While misleading headlines suggest “farmers could be paid £100,000 to retire”, in reality, the reaction to DEFRA’s lump sum retirement scheme can be described as lukewarm at best.
DEFRA has published details of its BPS retirement scheme and launched a consultation which runs until 11th August 2021. It confirmed farmers in England claiming under the Basic Payment Scheme (BPS) will be able to receive a lump sum in place of any further BPS or other direct payments from 2022.
Claimants must have claimed BPS since 2015 or before, though this rule will be relaxed in cases where a farmer has inherited land or succeeded to a tenancy since 2015.
The amount payable is calculated as 2.35 times the historic BPS, which means an annual receipt of over £42,000 is needed to get the maximum amount of £100,000. Most of the farmers contemplating signing up to the scheme will receive much less than £42,000.
The scheme applies only to farmers in England.
Frustratingly, there is no guidance on the tax treatment of the lump sum. Our view is that as it is a lump sum for giving up BPS entitlements, it should be subject to Capital Gains Tax. This results in a possible 10% rate of tax, with a maximum of 20%. There is however an argument that the lump sum is an advance of normal BPS receipts which will be subject to Income Tax and possibly National Insurance. As the receipt is likely to be in the same accounting period as the sale of livestock and machinery and the cessation of the business, a tax rate of at least 40% is more likely.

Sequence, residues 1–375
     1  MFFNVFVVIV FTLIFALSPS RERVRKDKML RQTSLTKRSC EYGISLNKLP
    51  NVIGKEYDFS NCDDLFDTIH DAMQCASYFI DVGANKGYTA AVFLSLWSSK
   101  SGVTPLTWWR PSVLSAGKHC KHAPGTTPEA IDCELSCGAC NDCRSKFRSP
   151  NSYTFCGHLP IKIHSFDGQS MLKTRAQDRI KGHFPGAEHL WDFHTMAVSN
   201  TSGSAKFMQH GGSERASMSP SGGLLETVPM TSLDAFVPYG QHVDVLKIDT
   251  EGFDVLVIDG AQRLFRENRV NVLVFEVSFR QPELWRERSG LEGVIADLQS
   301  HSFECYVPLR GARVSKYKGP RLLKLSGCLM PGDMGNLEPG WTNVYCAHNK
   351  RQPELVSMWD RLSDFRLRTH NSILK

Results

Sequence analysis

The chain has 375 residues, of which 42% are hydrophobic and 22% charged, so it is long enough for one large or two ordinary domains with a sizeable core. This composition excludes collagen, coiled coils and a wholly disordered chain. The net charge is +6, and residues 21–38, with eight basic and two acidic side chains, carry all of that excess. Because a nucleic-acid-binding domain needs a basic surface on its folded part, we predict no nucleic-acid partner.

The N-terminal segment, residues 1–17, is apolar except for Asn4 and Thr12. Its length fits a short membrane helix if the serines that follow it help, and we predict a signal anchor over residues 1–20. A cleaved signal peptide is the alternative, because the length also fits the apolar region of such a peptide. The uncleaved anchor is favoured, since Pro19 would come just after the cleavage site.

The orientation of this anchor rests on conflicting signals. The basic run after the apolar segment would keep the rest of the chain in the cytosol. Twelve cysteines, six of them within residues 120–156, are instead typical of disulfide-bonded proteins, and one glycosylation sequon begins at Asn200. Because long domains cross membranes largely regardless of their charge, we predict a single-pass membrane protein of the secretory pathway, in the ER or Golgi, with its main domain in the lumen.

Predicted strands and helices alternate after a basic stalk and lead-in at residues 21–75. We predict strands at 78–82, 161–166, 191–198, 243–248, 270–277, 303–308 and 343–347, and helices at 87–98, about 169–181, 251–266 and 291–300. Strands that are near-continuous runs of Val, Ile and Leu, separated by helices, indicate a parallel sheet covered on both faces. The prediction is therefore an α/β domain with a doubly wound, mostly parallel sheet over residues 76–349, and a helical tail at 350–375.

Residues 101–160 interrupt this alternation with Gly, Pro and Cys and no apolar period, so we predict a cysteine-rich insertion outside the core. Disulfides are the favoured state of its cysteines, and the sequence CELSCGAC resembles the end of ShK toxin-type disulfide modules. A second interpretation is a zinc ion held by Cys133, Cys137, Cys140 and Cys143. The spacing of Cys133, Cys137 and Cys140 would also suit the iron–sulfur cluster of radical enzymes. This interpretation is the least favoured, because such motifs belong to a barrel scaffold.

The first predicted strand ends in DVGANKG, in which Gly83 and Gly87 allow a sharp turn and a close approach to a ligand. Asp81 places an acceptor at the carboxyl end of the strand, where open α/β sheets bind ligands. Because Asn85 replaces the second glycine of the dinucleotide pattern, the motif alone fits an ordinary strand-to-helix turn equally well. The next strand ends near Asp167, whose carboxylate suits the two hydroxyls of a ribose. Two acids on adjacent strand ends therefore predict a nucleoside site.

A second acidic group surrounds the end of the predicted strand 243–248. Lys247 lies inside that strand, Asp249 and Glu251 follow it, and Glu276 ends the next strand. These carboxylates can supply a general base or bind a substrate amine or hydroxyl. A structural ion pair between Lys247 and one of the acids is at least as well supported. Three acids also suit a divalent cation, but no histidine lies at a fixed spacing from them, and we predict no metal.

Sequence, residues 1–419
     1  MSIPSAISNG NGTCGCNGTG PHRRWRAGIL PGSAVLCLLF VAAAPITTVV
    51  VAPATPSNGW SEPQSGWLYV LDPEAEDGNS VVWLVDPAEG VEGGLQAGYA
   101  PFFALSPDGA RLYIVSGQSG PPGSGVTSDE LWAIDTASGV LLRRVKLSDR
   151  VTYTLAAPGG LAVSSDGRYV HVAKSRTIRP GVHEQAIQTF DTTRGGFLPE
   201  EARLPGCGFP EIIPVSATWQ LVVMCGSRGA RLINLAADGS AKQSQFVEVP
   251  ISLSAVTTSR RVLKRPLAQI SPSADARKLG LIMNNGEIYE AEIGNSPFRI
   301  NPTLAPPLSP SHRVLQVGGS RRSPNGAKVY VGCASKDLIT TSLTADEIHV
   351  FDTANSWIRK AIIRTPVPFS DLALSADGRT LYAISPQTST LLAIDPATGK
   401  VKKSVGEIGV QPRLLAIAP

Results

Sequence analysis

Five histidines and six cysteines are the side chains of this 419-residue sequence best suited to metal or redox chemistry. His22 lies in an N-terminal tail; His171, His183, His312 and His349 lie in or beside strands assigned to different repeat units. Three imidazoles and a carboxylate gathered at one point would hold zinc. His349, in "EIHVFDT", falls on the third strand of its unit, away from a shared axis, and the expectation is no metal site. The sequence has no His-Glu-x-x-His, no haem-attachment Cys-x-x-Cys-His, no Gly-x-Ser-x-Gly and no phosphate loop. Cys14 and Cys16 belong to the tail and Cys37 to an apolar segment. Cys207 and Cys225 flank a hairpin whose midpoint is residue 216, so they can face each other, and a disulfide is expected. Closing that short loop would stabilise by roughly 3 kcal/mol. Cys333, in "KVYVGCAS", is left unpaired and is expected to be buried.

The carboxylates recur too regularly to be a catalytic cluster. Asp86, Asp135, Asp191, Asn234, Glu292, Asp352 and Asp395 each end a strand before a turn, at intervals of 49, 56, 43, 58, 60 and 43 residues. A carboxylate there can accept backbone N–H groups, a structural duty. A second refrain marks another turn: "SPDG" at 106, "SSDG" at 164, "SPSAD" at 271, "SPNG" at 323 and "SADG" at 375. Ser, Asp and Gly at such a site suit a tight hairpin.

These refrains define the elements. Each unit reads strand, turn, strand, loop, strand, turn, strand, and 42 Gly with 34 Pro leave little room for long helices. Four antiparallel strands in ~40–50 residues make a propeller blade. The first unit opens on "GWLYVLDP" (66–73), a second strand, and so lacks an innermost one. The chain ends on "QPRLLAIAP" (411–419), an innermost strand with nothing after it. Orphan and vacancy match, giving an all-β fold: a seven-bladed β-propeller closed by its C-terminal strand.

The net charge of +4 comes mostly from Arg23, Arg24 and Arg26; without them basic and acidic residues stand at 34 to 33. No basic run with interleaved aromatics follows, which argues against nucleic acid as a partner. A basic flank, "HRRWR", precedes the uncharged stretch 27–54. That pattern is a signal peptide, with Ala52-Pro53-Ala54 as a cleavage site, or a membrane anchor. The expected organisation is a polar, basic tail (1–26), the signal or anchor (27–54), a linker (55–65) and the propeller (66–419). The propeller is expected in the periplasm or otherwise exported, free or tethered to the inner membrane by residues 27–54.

Those taking part must either sell their land, rent it out, or surrender their tenancy. DEFRA is consulting on the time period a business has to dispose of their land/tenancy. A business renting out land must do so via an FBT of a minimum of five years.
Many farming businesses have complex structures involving more than one generation. If the business takes the lump sum, it precludes all partners or company directors from claiming future direct support payments. Therefore, this scheme may not be suitable for families where the older generation is ready to retire but the younger generation wishes to continue.
The consultation document does say that measures will be introduced to prevent the lump sum from being claimed using “artificial changes”.
The complexity and short timescales involved in making a claim will mean that it is unlikely there will be a big take-up of the scheme. On the other hand, for those who have already made the decision to depart the industry, the scheme may help them make a more dignified and financially secure exit.
For more information about the scheme and its impact on your farming business please get in touch.